Interview: Karl Cartwright, Westone

Master Designer discusses Earphone/CIEM Technology

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Headphones,
Earphones and in-ear monitors
Interview: Karl Cartwright, Westone

Hi-Fi+: How did you become interested in earphone and CIEM design in the first place? What attracted you to this product category?

KC: I love music!  Whether listening to it or playing it, music has always been very important to me. I have many childhood memories of my Dad playing Herb Alpert and the Tijuana Brass albums, or putting together reel-to-reel tapes of choral and orchestral music for the Christmas Holidays.  From the beginning, I tried to get the best stereo equipment my meagre check book could afford, which meant I was playing music in bands and creating sound-on-sound recordings with old reel to reel tape recorders.  When the Sony Walkman revolution hit in the mid-80’s, the way that people listened to music dramatically changed, and as a result, made the entire experience much more personal.  People started listening to music where they could never have enjoyed music before like when jogging, biking, and walking on the beach, etc.  This was great except for one major hitch (besides having to carry all those cassette tapes); the earpieces just would not stay in the ear.

By this time, Westone was a well-established company in the hearing healthcare industry that provided custom ear-molds for hearing instruments, communications, and hearing protection devices.  It wasn’t long before people were asking us for a solution to the portable-music problem and started making custom earpieces that would accept the Walkman style ear buds. Soon after developing the ‘ear bud custom’, I was approached by a local factory that was having communication difficulties on the production line.  Although they were using Westone’s custom earpiece with an ear bud, the lack of attenuation made it very difficult for team to clearly hear their line supervisors. To solve the problem, we discovered the earpiece had to offer more hearing protection than an earbud based system could provide. The solution was an earpiece that acted as hearing protection first and allowed for communication as well.  By using a balanced armature driver from the hearing aid world, and engineering it within a fully occluding earpiece, we were able to combine the two things this factory needed most: a clear audio signal and hearing protection.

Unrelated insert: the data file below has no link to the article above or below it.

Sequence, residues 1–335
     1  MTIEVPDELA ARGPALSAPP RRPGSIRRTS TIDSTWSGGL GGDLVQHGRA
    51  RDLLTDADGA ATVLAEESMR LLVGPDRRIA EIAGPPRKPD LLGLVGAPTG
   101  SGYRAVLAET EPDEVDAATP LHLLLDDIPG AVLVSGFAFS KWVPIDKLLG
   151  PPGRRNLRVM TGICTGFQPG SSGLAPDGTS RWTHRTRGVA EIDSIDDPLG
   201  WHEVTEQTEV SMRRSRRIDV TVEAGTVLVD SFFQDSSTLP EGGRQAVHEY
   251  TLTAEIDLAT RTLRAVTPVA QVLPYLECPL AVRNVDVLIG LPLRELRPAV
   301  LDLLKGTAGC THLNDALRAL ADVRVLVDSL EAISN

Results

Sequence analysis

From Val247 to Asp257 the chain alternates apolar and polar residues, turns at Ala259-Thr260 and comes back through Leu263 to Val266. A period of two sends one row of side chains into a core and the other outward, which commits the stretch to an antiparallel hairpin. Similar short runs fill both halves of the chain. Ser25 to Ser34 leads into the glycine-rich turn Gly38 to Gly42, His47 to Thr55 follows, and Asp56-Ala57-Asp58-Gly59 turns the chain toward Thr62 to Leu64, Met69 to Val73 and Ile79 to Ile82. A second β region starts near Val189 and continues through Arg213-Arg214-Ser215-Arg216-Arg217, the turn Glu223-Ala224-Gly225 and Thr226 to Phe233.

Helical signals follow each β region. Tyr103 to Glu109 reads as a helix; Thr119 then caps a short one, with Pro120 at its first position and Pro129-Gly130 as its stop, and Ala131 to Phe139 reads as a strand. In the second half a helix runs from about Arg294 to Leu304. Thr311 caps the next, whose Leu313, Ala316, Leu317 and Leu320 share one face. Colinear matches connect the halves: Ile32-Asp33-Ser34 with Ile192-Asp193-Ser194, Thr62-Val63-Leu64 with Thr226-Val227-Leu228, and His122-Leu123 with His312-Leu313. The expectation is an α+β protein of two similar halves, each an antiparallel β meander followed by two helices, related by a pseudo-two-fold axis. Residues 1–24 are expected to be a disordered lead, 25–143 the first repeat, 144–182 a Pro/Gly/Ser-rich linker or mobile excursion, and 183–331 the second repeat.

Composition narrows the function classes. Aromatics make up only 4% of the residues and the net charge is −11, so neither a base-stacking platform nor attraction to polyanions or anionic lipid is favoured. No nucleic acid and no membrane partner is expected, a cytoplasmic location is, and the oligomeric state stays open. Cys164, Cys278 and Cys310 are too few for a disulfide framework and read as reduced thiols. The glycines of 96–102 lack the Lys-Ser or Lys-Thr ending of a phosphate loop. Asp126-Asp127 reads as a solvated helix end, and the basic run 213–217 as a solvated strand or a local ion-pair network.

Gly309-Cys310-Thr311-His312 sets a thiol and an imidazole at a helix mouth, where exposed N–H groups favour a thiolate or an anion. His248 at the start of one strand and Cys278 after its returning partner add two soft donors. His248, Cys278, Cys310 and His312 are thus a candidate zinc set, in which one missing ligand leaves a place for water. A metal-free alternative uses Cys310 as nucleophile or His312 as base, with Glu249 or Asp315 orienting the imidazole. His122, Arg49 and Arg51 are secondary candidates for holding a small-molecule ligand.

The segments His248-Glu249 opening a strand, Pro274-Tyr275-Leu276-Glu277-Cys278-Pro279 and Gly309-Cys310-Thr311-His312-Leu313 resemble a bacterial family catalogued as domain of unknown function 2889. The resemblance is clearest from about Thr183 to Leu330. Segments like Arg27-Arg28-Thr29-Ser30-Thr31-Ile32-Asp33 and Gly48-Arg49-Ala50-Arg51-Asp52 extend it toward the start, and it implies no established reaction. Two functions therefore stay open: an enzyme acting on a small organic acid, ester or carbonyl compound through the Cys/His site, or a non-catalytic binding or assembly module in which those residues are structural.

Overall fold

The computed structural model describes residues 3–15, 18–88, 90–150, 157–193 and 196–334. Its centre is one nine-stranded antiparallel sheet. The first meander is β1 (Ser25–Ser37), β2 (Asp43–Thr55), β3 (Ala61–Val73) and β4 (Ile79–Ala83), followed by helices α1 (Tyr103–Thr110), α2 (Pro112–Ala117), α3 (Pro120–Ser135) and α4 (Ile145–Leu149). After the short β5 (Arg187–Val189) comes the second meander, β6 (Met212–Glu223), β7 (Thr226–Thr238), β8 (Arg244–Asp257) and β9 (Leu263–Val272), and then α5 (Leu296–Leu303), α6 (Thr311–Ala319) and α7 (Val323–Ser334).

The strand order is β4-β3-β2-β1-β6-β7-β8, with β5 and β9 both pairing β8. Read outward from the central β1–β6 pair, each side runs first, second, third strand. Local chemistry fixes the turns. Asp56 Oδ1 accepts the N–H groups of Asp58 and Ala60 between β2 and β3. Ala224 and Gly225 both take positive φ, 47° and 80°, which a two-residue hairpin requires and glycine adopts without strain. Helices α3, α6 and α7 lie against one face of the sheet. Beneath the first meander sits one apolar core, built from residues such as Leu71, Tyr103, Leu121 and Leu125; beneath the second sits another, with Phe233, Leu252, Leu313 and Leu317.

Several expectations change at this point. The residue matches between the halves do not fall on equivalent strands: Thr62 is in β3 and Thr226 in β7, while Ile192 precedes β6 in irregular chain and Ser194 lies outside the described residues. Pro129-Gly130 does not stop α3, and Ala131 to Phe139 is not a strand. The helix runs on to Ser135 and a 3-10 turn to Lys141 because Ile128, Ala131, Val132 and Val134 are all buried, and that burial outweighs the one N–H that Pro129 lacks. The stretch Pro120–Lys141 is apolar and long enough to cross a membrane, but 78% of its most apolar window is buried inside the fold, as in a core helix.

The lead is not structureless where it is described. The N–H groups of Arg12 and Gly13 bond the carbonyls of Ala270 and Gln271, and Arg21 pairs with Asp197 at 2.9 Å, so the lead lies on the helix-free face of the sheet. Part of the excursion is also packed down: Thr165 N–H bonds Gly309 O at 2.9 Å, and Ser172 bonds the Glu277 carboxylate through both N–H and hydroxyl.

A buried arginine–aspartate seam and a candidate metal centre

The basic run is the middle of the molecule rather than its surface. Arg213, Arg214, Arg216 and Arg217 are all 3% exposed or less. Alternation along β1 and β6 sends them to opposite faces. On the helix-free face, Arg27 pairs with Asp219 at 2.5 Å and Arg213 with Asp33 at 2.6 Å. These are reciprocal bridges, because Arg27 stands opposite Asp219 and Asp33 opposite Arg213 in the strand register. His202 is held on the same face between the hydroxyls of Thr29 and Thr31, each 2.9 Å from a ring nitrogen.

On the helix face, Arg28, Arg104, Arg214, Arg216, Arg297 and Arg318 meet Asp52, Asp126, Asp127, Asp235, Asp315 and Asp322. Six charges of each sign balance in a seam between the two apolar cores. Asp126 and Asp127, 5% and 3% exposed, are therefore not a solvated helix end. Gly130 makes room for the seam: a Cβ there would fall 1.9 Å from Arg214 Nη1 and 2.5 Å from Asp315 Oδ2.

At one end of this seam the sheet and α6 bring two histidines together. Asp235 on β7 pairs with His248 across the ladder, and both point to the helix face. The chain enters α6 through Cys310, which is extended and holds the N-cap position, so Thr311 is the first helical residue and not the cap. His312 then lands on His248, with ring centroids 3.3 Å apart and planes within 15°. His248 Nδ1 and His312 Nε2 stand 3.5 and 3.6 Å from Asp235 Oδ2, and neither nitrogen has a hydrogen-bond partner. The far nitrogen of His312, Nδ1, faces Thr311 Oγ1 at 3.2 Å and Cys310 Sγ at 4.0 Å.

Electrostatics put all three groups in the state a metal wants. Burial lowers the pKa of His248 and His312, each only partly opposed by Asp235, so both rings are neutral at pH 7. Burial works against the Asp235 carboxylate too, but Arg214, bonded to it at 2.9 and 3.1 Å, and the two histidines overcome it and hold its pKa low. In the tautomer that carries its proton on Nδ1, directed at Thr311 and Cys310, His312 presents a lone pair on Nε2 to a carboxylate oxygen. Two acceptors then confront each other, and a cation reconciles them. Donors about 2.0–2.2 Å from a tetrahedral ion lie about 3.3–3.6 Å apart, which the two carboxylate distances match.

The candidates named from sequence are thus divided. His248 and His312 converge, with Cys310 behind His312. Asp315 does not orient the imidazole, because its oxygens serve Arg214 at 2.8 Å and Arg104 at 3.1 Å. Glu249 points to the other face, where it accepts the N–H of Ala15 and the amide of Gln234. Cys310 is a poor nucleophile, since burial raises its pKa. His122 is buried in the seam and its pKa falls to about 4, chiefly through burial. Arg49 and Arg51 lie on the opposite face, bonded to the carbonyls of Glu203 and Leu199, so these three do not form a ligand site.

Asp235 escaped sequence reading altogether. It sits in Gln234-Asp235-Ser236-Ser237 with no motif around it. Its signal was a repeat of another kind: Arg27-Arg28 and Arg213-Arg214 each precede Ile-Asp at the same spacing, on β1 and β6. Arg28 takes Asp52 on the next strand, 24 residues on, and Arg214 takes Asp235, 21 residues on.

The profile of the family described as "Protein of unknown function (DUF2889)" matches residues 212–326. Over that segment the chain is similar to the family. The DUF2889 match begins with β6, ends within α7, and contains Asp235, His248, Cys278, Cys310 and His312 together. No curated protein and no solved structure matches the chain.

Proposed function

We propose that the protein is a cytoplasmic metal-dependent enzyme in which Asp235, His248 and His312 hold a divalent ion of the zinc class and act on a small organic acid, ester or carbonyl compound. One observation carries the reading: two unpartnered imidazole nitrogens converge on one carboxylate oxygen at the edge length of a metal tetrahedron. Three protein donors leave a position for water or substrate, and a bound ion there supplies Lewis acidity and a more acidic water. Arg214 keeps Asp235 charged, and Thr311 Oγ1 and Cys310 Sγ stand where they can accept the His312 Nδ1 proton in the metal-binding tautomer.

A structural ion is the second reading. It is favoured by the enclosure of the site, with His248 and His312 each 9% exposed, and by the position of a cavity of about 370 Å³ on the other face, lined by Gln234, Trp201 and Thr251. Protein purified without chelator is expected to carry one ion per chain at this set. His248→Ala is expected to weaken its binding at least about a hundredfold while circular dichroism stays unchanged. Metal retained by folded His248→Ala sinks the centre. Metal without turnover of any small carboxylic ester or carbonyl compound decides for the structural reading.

Shortly after that, ’90 or ‘91, Bill Chrysler, who was working with Def Leppard and Rush as they were preparing for their world tours, approached me. They each had a unique problem that they were trying to solve before the tour started. With Def Leppard the volume on stage had grown to such a level that it was becoming extremely difficult for lead singer Joe Elliot to hear the vocal monitors over the guitar amplifiers on stage. With Rush, the issue revolved around the milliseconds of delay caused by all the various signal sources on stage like floor monitors, drums, guitar amps, and side-fills.  Using the same principals as we learned in the factory, we were able to sufficiently reduce the level of ambient sound in the ear to a level that the earpiece became the primary listening source. For Joe Elliot, his voice could be turned up enough in his ears that it could compete safely with the volume of the guitar amplifiers simply because the stage volume in his ears was reduced by 25 to 30 dB!  For Rush, the monitor signal provided a clear and precise listening experience as opposed to a smear from all the different signal sources on stage.

A few years later a stage-monitoring gear company, called Leabody Systems, approached me to work with them to help solve some problems Van Halen was having as they were preparing for their 1995 world tour. Leabody introduced me to the monitor engineer for the tour, Jerry Harvey.  The problem was that Alex Van Halen was using earbud style monitors and was consistently blowing them up as he cranked up the volume to compete with the stage monitors.  After describing the solutions that I had developed for Def Leppard and Rush, we decided to give it a try. We built Alex some earpieces that used balanced armature drivers and featured removable faceplates so that if a driver did fail, it could be replaced in the field.    

It was from this early first collaboration that Ultimate Ears by Westone was born!  Originally we offered both moving coil and balanced armature driver earpieces.  However, once we had introduced the UE5 Dual Driver earpiece, the balanced armature driver had proven itself as the ideal source to use within the demanding on-stage environment. A few years later we worked with Shure to create the first fully occluding universal fit in-ear monitor that was primarily planned to be used in the launch of the PSM 600 wireless monitor system.   As you know, much has changed over the ensuing years – some of them firsts for Westone some for other companies.  Through all if this change, one thing has remained the same: a fully occluding earpiece with balanced armature drivers is the first choice for most people in a critical listening environment.

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